You can check out more about Portlandia here. Better still, check out the real thing.
Filed under: Uncategorized | Tags: Beatbox Burger, Melbourne food trucks, Raph Rashid, Taco ruck
I was in Portland earlier this year and dropped in to get a feed at one of the Portland food trucks with some local friends. Regulars to LA will be familiar with the food truck trend which has exploded over there, they have regular food truck nights in Venice Beach and indeed some of the best LA restaurants are in 4 wheel rotation during the day to keep the locals fed and watered. Locals follow them on Twitter to find out where they’ll be serving that time of day, and LA trucks are often met on street corners by groups of hungry bystanders waiting for the tasty mobile to pull up & spread the love. In true Portland style, the Portlandia food truck scene is a little more low key and old school. Portland local Talia’s “Whole Bowl” is undoubtedly the tippity top of the pop in my mind and I’m sure I’m not the first person to google Talia’s special sauce in an attempt to recreate the goodness offshore, likewise the People’s Pig does a cracking roast pork sandwich, but I digress….
A little closer to home here two foodie vans are starting the scene in Oz and making their way around Melbourne serving parcels of deliciousness on the streets. And that my friends, is the point. Raph Rashid’s Taco Truck and Beatbox Kitchen are trawling round Melbourne town serving up his famous Taco truck Burger by the hundreds. You can keep abreast of where this delicious mobile will be by following him on . . wait for it, twitter.So for those of you residing south of the border, go forth and enjoy. As for Sydney, well we’re still waiting to catch up to the foodie trend. Lord Clover has been pushing for Sydney to trial late night food vans but shopkeepers and restaurant owners are pushing back saying it will create an unfair playing field given the lower start up cost of the food van. Since when did we not innovate within distribution channels and business models because it might put pressure on other businesses? As a rule, food trucks are not necessarily serving cheaper food but they are innovating in how, where and what they serve. It’s true they’re more nimble and have greater flexibility but industries change and this is a small example of change within hospitality. As with most industry, the best way to remain competitive is to read the trends shaping your space and innovate. Food trucks like small bars will park their wheels in Sydney. It’s just a matter of when. In the meantime, Sydney can watch Melbourne put another notch in their city street life innovation bedpost alongside pop up foodie offers, small bars & street art.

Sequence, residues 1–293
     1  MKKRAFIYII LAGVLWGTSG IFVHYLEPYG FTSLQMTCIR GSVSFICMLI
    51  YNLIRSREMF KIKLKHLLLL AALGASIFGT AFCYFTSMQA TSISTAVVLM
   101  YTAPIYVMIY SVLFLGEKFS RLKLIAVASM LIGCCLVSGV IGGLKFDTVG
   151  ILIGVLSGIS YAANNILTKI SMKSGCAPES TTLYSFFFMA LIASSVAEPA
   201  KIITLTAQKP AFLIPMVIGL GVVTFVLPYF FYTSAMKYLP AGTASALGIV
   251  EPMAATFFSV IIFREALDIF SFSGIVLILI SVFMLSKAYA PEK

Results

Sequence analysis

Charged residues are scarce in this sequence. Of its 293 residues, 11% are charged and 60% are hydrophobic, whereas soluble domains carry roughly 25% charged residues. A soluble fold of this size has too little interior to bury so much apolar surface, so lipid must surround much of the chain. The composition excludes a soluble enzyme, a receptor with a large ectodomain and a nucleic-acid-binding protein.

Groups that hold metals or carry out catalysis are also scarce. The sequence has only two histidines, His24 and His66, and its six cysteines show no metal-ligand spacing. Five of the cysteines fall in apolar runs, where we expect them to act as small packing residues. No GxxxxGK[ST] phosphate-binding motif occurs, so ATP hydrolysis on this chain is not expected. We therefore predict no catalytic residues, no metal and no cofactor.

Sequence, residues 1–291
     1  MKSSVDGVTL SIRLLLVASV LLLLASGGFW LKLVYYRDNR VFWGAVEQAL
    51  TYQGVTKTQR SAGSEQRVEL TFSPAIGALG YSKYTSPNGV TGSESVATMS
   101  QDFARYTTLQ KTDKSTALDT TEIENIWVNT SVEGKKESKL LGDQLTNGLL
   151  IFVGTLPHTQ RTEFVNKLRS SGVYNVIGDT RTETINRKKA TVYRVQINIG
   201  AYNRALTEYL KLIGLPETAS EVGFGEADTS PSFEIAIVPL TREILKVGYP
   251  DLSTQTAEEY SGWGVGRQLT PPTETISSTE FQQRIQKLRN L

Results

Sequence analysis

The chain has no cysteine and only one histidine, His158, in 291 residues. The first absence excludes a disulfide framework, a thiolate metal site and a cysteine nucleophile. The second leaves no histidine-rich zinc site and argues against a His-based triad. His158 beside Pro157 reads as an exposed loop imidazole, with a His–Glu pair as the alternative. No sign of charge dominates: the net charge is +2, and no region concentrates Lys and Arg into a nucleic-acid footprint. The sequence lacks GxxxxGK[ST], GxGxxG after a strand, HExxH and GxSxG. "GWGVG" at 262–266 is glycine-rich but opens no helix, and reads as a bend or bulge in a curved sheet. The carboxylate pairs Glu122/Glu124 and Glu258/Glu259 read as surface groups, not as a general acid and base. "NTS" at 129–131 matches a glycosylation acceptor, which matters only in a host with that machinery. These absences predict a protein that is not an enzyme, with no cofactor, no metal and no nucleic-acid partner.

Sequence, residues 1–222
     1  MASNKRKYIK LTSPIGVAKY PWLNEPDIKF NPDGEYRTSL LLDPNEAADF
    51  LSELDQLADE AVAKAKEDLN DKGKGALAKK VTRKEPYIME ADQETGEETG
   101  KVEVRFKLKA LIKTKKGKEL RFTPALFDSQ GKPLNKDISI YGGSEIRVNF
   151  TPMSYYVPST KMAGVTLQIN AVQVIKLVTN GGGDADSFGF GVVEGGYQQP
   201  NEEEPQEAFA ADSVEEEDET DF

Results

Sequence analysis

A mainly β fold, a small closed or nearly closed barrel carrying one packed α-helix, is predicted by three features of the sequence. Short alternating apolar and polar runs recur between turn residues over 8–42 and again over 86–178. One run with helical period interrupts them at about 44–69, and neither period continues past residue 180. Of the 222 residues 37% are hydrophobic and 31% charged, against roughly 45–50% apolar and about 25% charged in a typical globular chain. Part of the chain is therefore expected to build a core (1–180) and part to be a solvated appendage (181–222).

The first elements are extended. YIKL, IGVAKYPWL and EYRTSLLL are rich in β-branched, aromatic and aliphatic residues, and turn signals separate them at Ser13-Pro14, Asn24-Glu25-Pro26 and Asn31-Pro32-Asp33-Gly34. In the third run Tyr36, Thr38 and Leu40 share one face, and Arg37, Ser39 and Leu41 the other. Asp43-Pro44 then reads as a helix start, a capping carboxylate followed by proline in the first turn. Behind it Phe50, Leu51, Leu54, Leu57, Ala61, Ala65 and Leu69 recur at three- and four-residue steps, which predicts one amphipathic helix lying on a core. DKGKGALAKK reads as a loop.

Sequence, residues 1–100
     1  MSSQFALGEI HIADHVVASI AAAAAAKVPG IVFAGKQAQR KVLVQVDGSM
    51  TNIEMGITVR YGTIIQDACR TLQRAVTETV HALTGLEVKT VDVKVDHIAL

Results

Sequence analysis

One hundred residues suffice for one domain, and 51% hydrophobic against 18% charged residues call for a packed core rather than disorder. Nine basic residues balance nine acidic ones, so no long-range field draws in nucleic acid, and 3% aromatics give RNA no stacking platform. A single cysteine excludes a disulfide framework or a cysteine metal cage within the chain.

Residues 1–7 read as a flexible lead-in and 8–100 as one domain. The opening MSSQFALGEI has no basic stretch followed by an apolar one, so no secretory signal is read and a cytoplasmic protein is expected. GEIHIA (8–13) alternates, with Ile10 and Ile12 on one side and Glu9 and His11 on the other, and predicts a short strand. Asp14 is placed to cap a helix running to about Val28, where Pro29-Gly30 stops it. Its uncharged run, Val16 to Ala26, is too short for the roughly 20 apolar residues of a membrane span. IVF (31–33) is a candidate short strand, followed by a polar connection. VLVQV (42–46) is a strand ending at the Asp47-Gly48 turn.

Filed under: creativity, Digital culture, Emergent media, Future of Media, Futures, Futurists, geek, People you should know | Tags: Caterina fake, David rowan, Eric Wahlforss, Networked society, on the brink, Soundcloud, wired
A transformer from Nike sent me this link to “On The Brink” which discusses the past, present and future of connectivity with a mix of people including David Rowan, chief editor of Wired UK; Caterina Fake, founder of Flickr; and Eric Wahlforss, the co-founder of Soundcloud. Each of the interviewees discusses the emerging opportunities being enabled by technology as we enter the Networked Society. What does it really mean to imagine borderless opportunities and creativity, new open business models, and why do people talk about today’s ‘dumb society’? Check it out…
A new ad for Google’s analytics suggests a closer look at how difficult we make it for consumers to shop with us. Quite amusing.